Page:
The IUCN Red List of Threatened Species™ The usual caveat applies, that changes in figures for each Red List category since last year are due to various reasons, including new information being available since the last assessment and taxonomic changes resulting in a revised assessment, as well as genuine changes in status.

Seychelles Molluscs 48 mollusc assessments were added for Seychelles species. There are various threats affecting molluscs in the Seychelles, including changing habitat due to invasive plant species (e.g. cinnamon, Cinnamomum verum), habitat degradation caused by agriculture and wood plantations, and for some species, sea-level rise. Some examples: Conturbatia crenata – CR (possibly extinct) Endemic to the Seychelles, this snail is found only on Fregate Island. It is possible that the species is already extinct, after secondary poisoning caused by rodent eradication using the poison Brodifacoumin in 2000 caused a massive population decline. Further surveys are needed to determine whether the species still exists.

Glabrennea thomasseti – CR This species is endemic to the Seychelles (Mahé island). It was originally known from Cascade Estate on Mahé island, Seychelles. The species was thought to have been lost after high altitude forest habitat in the area was cleared for cinnamon plantations. However, this snail was rediscovered in 2002 in Grand Bois, Mahé. It is also found in mist forest at Congo Rouge, Mahé. Currently, the main threat to the species is habitat degradation caused by invasive cinnamon trees (Cinnamomum verum). Small-holder farming and small-holder wood plantations caused habitat deterioration in the past, but these threats have since ceased.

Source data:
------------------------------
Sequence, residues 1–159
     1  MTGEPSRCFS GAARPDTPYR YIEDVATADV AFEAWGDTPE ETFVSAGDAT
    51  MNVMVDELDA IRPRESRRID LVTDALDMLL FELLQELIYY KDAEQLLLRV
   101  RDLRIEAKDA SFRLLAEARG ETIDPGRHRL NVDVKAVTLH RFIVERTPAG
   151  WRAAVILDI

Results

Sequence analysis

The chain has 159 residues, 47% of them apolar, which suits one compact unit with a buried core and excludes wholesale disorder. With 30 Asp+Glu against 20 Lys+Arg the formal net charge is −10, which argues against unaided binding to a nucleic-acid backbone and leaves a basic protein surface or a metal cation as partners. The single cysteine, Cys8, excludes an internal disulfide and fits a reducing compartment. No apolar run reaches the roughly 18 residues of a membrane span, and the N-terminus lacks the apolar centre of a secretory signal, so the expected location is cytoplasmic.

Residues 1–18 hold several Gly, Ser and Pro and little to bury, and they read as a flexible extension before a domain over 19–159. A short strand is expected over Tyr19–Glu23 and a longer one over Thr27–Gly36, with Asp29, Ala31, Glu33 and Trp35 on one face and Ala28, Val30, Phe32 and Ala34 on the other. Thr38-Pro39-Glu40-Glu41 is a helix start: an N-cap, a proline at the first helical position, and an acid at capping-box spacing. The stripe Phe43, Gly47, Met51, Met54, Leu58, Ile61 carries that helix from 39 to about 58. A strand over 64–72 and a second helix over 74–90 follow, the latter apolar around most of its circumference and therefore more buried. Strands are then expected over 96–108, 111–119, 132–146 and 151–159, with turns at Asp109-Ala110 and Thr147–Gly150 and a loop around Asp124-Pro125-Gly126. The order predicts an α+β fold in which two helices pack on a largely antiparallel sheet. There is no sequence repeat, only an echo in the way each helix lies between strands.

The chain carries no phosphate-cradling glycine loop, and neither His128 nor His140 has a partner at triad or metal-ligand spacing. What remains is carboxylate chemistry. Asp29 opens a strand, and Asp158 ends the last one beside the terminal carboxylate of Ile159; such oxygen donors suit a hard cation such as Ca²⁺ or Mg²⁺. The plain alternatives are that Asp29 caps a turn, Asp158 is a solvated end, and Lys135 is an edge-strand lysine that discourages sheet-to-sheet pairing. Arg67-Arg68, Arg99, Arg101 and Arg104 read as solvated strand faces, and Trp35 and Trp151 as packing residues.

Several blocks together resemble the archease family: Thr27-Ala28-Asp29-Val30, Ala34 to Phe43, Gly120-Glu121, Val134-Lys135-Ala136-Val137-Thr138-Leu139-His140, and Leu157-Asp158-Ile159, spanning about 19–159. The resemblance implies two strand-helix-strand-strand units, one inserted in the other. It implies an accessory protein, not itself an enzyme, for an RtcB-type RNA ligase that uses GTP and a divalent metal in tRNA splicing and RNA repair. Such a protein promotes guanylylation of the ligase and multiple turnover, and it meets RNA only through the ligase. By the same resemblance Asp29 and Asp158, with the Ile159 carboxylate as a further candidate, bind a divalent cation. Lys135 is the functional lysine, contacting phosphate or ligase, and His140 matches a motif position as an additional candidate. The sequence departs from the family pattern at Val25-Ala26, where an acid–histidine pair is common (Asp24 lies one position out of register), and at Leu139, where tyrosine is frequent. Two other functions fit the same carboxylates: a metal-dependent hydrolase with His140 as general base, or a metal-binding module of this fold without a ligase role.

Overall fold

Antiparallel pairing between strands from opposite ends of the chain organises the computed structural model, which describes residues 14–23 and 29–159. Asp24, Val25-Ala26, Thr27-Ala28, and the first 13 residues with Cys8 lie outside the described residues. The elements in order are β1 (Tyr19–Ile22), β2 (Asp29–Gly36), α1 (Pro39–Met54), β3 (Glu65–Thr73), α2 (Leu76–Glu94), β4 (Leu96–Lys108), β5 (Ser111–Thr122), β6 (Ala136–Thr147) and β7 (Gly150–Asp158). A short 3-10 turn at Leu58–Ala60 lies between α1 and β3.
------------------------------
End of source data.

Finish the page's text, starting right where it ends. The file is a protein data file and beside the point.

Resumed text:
The IUCN Red List of Threatened Species™ The usual caveat applies, that changes in figures for each Red List category since last year are due to various reasons, including new information being available since the last assessment and taxonomic changes resulting in a revised assessment, as well as genuine changes in status.